Never. Been. Higher.

"...am I in any way reassured that the Fed sees no bubbles? No, I am not. These dudes will never identify an asset bubble - at least before the event!"

"The Fed Has Mastered Market Manipulation" - Bill Gross Explains Why He Is Not A "Broken Clock"

"The problem with Cassandras, such as Gross and Jim Grant and Stanley Druckenmiller, among a host of others, is that we/they can be compared to a broken watch that is right twice a day but wrong for the other 1,438 minutes. But believe me: This watch is ticking because of high global debt and out-of-date monetary/fiscal policies that hurt rather than heal real economies. Sooner rather than later, Yellen’s smooth shot from the fairway will find the deep rough."

Weekend Reading: The Coin Flip Market

The problem for individual investors is the “trap” currently being laid between the appearance of strong market dynamics against the backdrop of weak economic and market fundamentals. There will be a collision between the fantasy of asset prices and the reality of the underlying fundamentals. This will particularly be the case if the much anticipated rebound of economic growth and earnings fails to materialize.

The Reckoning Looms - Central Bankers Really Don't Know What They're Doing

What is happening this year is astounding. After saying year after year after year that the recovery is coming, and even doing so to the point of condescension, the admissions of wrongfulness are starting to roll in, if only softly at first. How ludicrous does “transitory” look now?

Is The End Nigh? Former FOMC Member Warns "The Fed Is Vulnerable"

If, as is likely, the economy is closer to recession than resurgence, the Fed is poorly positioned to respond with force, efficacy and credibility. The Fed is vulnerable. Its recent centennial as our nation’s central bank should not be confused with its permanent acceptance in the American political system.

Former Fed Governor Admits "Fed Is Not Data Dependent; It Is Propping Up Asset Markets"

"They look to me asset price dependent more than they look data dependent. When the stock market falls like it did in the beginning of this year, they say, ‘Oh, we better not do anything.’ Stock markets are now at career highs. I suspect when they meet next week they will suggest, ‘Oh, now they look like they can be somewhat more responsible.’"

Peter Boockvar Warns "If Central Bankers Get Their Way, The Global Bond Market Will Blow Up"

"My fear is that central banks are now taking this too far through negative interest rates in particular and that they’re going to literally destroy their own banking systems. If they’re actually successful in generating higher inflation, then they’re going to destroy their own bond markets... our government officials, and I will include the Federal Reserve in that, have failed the American people."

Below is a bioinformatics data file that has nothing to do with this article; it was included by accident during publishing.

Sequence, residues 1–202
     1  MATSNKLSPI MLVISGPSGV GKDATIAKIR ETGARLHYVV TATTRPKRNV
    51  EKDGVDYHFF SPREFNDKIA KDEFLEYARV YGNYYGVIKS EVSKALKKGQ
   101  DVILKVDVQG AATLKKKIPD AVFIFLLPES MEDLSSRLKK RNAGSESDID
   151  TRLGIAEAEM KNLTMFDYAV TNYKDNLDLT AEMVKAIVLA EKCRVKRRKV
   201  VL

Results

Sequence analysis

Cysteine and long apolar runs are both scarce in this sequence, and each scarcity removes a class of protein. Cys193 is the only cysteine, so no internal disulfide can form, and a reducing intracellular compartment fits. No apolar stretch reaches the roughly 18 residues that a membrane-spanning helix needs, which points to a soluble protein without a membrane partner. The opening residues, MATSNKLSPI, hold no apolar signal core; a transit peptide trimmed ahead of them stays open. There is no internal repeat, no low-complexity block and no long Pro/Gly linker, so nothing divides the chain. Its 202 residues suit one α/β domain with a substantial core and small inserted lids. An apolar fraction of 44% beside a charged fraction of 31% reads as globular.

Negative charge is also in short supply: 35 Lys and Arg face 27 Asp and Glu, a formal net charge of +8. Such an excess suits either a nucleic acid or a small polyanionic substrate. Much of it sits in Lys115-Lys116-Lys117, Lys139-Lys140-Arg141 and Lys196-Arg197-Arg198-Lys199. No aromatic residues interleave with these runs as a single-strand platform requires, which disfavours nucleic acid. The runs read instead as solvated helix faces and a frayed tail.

How QE Crushes The Real Economy & Why The Secular Low In Treasury Yields Lies Ahead

The economy was supposed to fire on all cylinders in 2015. Sufficient time had passed for the often-mentioned lags in monetary and fiscal policy to finally work their way through the system according to many pundits inside and outside the Fed. Surely the economy would be kick-started by: three rounds of QE and forward guidance; a record Fed balance sheet; and an unprecedented increase in federal debt to $18.63 trillion in 2015, a jump of 86%. Further, stock prices had gained sufficiently over the past several years, thus the so-called wealth effect would boost consumer spending. But the economic facts of 2015 displayed no impact from these massive government experiments.

"Irreversibly Broken & Dysfunctional" - There's Something Wrong In The Markets

Today’s dilemma – for financial markets and central bankers – is that pushing back against nascent “risk off” unleashes another forceful bout of “risk on.” At this point, it’s either Bubble on or off – destabilizing either way. The global Bubble has grown too distended and the market backdrop too dysfunctional. Central bankers over the past 25 years have created excessive “money,” while incentivizing too much finance into financial speculation. There is now way too much “money” crowded into the securities and derivative markets, and the upshot is an increasingly hostile backdrop for leverage and speculation.

Eric Parnell's picture


China stocks have fallen by as much as -30% over the past three weeks.  What would Janet Yellen do if the S&P 500 Index was falling by -30% in similarly short order?